Daytrip to Pulau Ubin

// Read in German

Just a short bumboat ride away from Singapore, you’ll find Pulau Ubin. An island that offers nature and history to explore. A trvl diary.

Since we still cannot travel, we have lots of time to explore the little island that we call home and its hidden corners. What many may not know: Although Singapore is an island state, it is actually composed of not only one but sixty-three islands in total! Not all of them are easily accessible, though, and only one besides the mainland is populated, Pulau Ubin.

Pulau Ubin is located in the northeast of Singapore’s coast, near Malaysia. The 10.2 square kilometer island is Singapore’s second-largest natural island after Pulau Tekong and over 200 million years old. Pulau Ubin’s original name in Malay, Pulau Batu Jubin, means “Granite Stone Island”, as the island was known for its granite quarries, but these were scattered all over the island until the 1970s. In a government resettlement program, most granite mines were abandoned to make Pulau Ubin an attraction for nature lovers. As a result, the number of inhabitants was also massively reduced. Today, Pulau Ubin still has about 100 inhabitants, most of whom are of Chinese origin. They live in tiny houses in old villages and lend bicycles to tourists, sell local dishes in Hawker Stalls and, or work as fishermen in one of the many crab farms around the island.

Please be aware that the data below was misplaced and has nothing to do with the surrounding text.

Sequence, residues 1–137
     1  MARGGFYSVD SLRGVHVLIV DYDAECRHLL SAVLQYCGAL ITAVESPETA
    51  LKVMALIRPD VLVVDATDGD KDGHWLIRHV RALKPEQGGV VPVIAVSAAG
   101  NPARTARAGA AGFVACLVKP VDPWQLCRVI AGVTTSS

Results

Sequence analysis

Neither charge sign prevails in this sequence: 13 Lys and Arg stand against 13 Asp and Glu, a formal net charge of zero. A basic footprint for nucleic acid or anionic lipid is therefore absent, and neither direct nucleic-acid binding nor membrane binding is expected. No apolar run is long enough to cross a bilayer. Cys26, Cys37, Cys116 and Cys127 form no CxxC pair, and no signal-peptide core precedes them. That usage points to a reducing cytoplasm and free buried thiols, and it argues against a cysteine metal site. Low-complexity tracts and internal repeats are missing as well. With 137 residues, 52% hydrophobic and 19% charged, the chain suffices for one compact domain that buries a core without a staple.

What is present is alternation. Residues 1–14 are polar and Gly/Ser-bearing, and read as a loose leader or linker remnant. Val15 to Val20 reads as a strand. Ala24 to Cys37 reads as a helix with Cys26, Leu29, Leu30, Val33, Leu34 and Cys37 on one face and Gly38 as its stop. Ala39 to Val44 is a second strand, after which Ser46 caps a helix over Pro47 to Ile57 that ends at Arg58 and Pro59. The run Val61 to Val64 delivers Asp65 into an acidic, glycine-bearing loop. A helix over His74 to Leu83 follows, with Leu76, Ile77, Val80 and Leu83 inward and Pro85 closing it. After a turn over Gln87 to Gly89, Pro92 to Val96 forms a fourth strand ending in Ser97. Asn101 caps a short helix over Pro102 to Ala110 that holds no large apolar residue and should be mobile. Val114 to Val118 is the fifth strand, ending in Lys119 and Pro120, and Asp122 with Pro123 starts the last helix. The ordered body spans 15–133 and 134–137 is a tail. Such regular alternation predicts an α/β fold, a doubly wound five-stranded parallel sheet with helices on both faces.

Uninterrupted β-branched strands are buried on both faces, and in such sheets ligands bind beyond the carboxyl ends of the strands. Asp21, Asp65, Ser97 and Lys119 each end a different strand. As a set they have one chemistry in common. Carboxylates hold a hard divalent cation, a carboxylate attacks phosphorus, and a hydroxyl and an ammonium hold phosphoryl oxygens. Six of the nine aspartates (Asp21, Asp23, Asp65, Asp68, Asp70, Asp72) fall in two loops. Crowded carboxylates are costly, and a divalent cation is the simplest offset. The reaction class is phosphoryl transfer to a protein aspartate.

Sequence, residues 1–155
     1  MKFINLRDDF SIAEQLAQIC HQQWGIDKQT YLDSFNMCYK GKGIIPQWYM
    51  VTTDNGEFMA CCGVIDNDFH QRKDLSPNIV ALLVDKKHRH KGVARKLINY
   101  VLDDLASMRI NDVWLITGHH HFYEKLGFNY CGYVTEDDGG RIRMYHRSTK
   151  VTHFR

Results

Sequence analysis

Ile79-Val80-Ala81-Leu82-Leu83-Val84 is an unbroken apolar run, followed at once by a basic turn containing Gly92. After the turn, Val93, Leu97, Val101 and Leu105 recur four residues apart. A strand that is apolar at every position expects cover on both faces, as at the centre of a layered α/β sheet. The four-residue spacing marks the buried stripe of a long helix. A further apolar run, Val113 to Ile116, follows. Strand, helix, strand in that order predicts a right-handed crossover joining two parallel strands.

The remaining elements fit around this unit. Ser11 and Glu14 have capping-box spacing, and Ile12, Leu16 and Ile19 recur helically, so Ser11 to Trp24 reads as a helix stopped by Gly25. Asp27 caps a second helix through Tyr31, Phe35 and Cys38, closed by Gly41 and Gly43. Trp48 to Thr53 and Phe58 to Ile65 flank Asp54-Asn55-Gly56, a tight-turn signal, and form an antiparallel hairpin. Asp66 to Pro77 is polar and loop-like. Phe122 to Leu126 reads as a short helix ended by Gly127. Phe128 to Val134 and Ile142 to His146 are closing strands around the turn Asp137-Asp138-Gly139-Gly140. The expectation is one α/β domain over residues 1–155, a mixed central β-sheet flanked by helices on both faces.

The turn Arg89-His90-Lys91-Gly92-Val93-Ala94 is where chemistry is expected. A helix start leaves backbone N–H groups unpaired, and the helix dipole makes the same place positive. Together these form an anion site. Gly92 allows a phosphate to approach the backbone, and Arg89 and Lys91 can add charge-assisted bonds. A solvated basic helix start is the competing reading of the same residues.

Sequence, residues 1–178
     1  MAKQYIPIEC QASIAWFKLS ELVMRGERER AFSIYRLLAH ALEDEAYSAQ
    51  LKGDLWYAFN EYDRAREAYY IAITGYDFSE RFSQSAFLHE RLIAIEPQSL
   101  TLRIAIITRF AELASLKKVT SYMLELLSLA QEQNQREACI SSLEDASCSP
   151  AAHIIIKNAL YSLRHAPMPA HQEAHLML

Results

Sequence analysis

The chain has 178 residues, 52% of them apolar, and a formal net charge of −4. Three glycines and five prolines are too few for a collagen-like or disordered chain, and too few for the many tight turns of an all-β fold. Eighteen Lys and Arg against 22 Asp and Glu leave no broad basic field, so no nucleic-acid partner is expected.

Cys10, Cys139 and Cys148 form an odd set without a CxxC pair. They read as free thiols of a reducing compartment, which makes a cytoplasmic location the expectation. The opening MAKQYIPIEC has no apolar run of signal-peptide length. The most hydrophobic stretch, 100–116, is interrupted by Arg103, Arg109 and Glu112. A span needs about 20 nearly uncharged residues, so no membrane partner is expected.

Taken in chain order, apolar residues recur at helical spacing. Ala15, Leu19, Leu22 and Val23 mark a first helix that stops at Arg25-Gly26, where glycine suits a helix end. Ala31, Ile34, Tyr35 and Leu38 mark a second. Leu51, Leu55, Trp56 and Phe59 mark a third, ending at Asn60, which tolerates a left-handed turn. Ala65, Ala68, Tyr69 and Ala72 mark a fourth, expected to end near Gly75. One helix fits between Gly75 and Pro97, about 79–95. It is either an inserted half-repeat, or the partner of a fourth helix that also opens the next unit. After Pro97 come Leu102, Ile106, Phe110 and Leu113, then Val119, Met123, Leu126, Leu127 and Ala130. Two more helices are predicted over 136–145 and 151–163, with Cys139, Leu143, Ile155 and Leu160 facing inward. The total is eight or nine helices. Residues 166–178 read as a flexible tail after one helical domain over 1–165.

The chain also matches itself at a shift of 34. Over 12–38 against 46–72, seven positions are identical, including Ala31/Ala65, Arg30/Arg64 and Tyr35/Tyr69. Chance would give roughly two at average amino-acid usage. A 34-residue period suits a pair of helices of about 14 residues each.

Bumboat ride to Pulau Ubin

Equipped with four liters of water, disinfection tissues, our camera, and cash, we made our way to Changi Point Ferry Terminal on Saturday morning. From the Ferry Termina, bumboats regularly transfer to Pulau Ubin. Bumboats are small boats used to ferry supplies to ships moored away from the shore. However, in Singapore, bumboats are also used as water taxis that take tourists and locals on short tours. You might remember that we also went to Desaru in Malaysia with a bumboat, too.